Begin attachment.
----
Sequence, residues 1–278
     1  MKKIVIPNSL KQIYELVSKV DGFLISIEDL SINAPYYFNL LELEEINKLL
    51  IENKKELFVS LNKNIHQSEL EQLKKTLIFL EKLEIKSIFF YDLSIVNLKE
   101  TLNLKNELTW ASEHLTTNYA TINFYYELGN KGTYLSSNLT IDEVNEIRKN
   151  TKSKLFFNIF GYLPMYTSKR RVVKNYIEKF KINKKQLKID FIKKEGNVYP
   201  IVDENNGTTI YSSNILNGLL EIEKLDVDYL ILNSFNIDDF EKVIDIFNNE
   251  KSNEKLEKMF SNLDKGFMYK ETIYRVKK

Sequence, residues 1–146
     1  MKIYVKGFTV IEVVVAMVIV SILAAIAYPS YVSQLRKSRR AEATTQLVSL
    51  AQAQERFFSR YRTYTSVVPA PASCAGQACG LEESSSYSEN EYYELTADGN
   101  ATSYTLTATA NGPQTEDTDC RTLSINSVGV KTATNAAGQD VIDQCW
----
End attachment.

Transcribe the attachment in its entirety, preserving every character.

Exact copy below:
Sequence, residues 1–278
     1  MKKIVIPNSL KQIYELVSKV DGFLISIEDL SINAPYYFNL LELEEINKLL
    51  IENKKELFVS LNKNIHQSEL EQLKKTLIFL EKLEIKSIFF YDLSIVNLKE
   101  TLNLKNELTW ASEHLTTNYA TINFYYELGN KGTYLSSNLT IDEVNEIRKN
   151  TKSKLFFNIF GYLPMYTSKR RVVKNYIEKF KINKKQLKID FIKKEGNVYP
   201  IVDENNGTTI YSSNILNGLL EIEKLDVDYL ILNSFNIDDF EKVIDIFNNE
   251  KSNEKLEKMF SNLDKGFMYK ETIYRVKK

Sequence, residues 1–146
     1  MKIYVKGFTV IEVVVAMVIV SILAAIAYPS YVSQLRKSRR AEATTQLVSL
    51  AQAQERFFSR YRTYTSVVPA PASCAGQACG LEESSSYSEN EYYELTADGN
   101  ATSYTLTATA NGPQTEDTDC RTLSINSVGV KTATNAAGQD VIDQCW